Tag Archives: The Hunger Games

Catching Fire – Review

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Catching Fire by Suzanne Collins

Age: YA

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In the stunning sequel to The Hunger Games, Suzanne Collins picks up exactly where the first book ended. Against all odds, as well as against the Capitol’s wishes, Katniss is the victor of the Hunger Games, along with her fellow district tribute Peeta Mellark. Although, she should be feeling relieved at having survived the deadly arena, she will soon return to her family and friends and never have to worry about stepping foot in the arena ever again. That was the idea, until President Snow paid Katniss a visit shortly after her return home. Only then did Katniss realize the full extent of her actions in the arena and the rumble she and Peeta unknowingly started throughout the 12 districts in the Capital. Now its up to Katniss to try to quell the anxieties of the districts by proving her love to Peeta beyond a shadow of a doubt, otherwise the consequences will be terrifying.

I couldn’t wait to jump right into Catching Fire, so I grabbed the audiobook because it was the only format available at my library. I did really enjoy this book. It carried the same quick pace as Hunger Games, the same themes of tyranny, censorship and instinctual human behaviors come into play.

I did have a problem with Katniss though. Throughout most of the book, I found her to be more naive than her character was originally set up to be in the first book. I found her fake love for Peeta to be somewhat alarming at how easily she could slip into the lovey-girlfriend role. Her impulses are emotionally driven, and not very accurate most of the time. She is overly suspicious of everyone around her, quick to cast accusations if anyone says or does something she doesn’t like. She and Peeta form a strong bond with their time in the arena, and then again on tour across the districts as the star-cross lovers, the Victors of the Hunger Games. Another thing that didn’t sit well with me is that Catching Fire seemed repetitive. It was a lot like Hunger Games, pretty much the same book, but with a few minor tweaks and twists at the end.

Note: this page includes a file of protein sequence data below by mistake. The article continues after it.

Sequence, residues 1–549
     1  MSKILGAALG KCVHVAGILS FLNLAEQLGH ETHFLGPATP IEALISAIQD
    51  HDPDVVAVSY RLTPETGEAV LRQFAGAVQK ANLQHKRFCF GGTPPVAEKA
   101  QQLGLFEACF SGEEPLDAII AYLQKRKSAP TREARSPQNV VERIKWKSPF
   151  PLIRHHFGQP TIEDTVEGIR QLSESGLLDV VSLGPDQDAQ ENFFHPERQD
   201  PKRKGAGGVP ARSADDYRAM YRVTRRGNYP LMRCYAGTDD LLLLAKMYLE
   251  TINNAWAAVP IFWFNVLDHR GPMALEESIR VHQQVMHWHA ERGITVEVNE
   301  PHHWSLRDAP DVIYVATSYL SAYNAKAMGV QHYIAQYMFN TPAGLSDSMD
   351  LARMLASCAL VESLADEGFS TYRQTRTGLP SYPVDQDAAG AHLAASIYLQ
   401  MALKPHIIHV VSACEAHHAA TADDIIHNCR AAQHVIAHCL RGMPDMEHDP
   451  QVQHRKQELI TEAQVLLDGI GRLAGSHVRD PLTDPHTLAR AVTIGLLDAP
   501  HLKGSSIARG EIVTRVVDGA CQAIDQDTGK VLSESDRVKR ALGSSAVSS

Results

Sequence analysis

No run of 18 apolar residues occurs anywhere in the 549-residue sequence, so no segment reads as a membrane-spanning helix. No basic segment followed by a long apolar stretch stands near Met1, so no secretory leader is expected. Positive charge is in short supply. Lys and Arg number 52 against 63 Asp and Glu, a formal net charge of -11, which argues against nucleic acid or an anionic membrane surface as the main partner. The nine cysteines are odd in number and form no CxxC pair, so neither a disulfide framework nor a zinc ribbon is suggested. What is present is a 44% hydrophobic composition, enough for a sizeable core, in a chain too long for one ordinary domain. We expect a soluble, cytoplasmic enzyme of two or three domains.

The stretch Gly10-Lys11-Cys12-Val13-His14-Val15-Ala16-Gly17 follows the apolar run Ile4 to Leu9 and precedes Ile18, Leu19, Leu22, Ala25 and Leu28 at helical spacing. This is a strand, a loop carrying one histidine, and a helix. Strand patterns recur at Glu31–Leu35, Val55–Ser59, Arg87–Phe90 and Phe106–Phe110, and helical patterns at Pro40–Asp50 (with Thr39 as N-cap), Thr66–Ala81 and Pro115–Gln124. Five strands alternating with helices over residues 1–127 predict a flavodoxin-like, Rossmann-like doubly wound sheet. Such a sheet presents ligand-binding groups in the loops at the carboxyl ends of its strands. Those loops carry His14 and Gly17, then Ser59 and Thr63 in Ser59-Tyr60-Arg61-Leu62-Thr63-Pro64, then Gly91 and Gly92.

It did end on a powerful, although expected, cliffhanger. I feel fully vested in this series, even though I had higher hopes for Catching Fire. It does serve its purpose as the middle title in any trilogy. It forms the bridge that carries the story from its troublesome beginning, to the most likely violent and dramatic ending.

Catching Fire
by Suzanne Collins
Scholastic Audiobooks
10 discs, 11 hours and 37 minutes

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The Hunger Games – Review

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The Hunger Games by Suzanne Collins

Age: YA

Set in the ruins of what was formerly North America, lies a country named Panem. In control is the Capitol, surrounded by 12 outlying districts living in poverty and fear of the cruel rules set by President Snow in the Capitol.